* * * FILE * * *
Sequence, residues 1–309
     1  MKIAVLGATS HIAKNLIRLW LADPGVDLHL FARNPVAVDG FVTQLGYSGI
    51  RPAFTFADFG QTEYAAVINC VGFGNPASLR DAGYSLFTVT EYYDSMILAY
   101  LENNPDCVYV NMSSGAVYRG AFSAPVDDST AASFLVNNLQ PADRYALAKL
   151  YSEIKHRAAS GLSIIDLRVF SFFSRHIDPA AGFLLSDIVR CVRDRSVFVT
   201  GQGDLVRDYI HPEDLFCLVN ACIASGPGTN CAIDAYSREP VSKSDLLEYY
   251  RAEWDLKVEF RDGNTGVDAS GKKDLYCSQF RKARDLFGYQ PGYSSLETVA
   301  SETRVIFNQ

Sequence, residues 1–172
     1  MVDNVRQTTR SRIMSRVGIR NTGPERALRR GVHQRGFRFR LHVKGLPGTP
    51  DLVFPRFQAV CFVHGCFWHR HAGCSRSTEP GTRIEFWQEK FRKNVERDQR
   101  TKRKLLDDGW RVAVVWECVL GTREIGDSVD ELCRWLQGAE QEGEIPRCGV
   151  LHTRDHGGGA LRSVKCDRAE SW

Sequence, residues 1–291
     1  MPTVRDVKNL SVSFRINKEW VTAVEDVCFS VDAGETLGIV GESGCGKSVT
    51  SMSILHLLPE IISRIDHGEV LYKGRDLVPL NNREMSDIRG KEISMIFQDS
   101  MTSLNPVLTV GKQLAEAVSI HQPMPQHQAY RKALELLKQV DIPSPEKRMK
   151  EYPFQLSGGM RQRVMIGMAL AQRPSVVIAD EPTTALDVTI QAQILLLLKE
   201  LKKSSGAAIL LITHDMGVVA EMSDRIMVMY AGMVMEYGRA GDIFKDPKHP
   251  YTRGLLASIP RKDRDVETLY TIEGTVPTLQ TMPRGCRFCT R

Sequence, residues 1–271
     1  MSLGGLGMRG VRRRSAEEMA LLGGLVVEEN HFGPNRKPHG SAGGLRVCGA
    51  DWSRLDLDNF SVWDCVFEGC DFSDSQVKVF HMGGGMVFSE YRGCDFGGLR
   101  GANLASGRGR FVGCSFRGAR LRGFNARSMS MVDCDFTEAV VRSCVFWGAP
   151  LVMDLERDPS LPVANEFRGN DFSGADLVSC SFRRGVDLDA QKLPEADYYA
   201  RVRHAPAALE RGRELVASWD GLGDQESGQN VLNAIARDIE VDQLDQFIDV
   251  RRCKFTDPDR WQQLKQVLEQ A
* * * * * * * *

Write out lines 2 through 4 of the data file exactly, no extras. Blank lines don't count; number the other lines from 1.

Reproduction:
     1  MKIAVLGATS HIAKNLIRLW LADPGVDLHL FARNPVAVDG FVTQLGYSGI
    51  RPAFTFADFG QTEYAAVINC VGFGNPASLR DAGYSLFTVT EYYDSMILAY
   101  LENNPDCVYV NMSSGAVYRG AFSAPVDDST AASFLVNNLQ PADRYALAKL